Thursday, October 24, 2013

Surviving Cruise Debarkation Day

Ending Cruise on a High 

The final full day of the cruise has arrived and fortunately it is a sea day.  That means you don't need to rush breakfast and get ready to go into port.   You plan to take full advantage of the ship and let any remaining stress melt away.

Last night you didn't have time to read the daily paper, so you pick it up and start to see what activities are planned by the staff.   Scanning through the list of morning activities, you see one that catches your eye ... "Debarkation Information - hosted by Cruise Director".  There is a note that says, one person from each family should attend.   Wait, what - I'm on vacation - what do you mean?


Especially if you are a cruise rookie (first time cruiser) it is highly advisable that you attend any briefing offered by the Cruise Director or staff.   This will make your life much easier, since they will provide all the information you need and answer any questions.   On most ships, this information is disseminated in multiple ways, so if you have some conflict, you can skip the session.

For example, there should also be more information either in the daily paper or as a supplement covering everything you need to disembark the ship.  Often the debarkation talk is recorded and available for viewing on the ship's TV station during the rest of the day.

Flight Times Dictate Departure
Just Say When

When you listen to or read the information about debarkation, you'll soon discover that by mid-morning everyone is expected to be off the ship so that the crew can welcome aboard the new set of passengers.  There is a lot of activity that happens to make this possible.


You may not realize it, but your departure time was determined by you when you booked your trip and made travel arrangements.

How's that you ask?   When you picked your return flights, or made other arrangements for your return home, you determined the time that you needed to be off the ship in order to make your flight on time.   Upon leaving the ship you'll need to collect your bags, process through Customs, and board a taxi, shuttle bus, or other means of transportation to your departure destination (airport, bus, train station, rental car etc.).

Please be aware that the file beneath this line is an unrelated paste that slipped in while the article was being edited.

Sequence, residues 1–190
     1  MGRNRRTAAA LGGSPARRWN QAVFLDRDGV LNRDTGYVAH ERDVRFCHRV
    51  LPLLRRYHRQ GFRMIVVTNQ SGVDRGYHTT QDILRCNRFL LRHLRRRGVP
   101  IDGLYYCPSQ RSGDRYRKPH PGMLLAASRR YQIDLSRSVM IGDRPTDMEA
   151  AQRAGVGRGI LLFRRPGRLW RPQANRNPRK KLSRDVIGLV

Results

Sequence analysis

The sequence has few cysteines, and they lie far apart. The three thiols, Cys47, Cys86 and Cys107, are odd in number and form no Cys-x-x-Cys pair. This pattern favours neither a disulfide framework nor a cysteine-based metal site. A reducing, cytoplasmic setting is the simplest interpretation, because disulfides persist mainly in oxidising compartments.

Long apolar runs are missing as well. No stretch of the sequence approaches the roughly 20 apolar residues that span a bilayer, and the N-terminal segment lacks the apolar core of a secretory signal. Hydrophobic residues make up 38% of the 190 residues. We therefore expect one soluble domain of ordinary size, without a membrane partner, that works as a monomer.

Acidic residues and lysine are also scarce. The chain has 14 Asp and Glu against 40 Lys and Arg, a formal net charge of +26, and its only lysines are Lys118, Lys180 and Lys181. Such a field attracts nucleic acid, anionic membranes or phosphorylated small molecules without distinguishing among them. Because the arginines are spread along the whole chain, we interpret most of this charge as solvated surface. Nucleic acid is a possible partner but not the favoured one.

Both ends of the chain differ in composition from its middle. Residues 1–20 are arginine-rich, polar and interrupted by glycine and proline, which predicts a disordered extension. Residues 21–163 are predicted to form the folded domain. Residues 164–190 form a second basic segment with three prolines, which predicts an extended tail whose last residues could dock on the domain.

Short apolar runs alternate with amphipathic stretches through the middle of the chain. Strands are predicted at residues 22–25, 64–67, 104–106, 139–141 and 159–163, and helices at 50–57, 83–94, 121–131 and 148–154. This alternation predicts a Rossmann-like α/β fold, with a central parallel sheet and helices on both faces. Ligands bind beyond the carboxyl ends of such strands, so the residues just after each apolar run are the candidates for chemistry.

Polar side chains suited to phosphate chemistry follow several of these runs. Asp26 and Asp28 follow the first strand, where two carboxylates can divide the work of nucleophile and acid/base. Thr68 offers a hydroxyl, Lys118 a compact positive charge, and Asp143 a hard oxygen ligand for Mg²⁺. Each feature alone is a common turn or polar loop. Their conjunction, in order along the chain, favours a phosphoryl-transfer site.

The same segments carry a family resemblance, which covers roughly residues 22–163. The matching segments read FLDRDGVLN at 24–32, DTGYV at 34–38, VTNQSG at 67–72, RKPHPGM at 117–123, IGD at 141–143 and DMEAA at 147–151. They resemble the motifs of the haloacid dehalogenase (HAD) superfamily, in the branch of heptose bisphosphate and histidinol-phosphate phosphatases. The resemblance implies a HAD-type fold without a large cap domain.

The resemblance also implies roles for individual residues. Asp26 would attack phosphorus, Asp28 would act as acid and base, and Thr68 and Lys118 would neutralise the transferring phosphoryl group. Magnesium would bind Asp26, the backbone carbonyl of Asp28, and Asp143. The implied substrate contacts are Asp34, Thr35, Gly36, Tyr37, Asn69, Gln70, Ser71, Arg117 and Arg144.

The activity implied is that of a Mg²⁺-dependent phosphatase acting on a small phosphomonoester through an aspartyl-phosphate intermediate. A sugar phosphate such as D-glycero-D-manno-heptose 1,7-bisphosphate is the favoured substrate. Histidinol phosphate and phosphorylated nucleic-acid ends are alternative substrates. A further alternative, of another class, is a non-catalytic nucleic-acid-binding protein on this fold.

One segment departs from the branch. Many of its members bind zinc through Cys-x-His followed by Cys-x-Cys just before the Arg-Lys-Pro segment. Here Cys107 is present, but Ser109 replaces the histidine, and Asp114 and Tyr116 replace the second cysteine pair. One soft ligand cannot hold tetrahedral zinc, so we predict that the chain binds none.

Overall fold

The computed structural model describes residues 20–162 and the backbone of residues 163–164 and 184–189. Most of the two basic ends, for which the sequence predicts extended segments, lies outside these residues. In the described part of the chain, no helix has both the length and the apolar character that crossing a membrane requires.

How much time do you need?

There are a lot of variances in terms of when the cruise line calls your luggage group and when you are outside with bags in hands.   It may take some time to catch an elevator and actually get to the disembarkation point on the ship.  Once through there, it's usually a walk along a ramp, down the escalator or elevator to the lower level, where you'll find your baggage sorted by color tag.  There are porters to assist you in finding your bags and getting you through Customs.

In most cases, the pier isn't far from the airport, so you may have about 30 minutes to an hour for transfer time from pier to airport.  There are several ways to get to the airport, but for now, let's just assume you need to factor in some travel time.    Since you will be checking bags, and there will be several hundred or more of you arriving at the airport at the same time, you'll need at least 1.5 to 2 hours for checking in and clearing airport security.

The rule of thumb is that for flights before noon, you'll want to be in one of the first groups off the ship but for later flights you can take your time.

Key Take-A-Ways

  • When booking your return flights, be sure to factor in the time it will take to disembark and travel to the airport
  • Ask your travel professional for guidance before making arrangements
  •  It is best to book flights later in the day to avoid having to rush - why add stress to your vacation after you have finally started to relax
  • Be sure to attend any information talks and/or read and follow printed instructions
In Part 2, we'll talk more about preparation the night before debarkation as well as what to expect in the morning.

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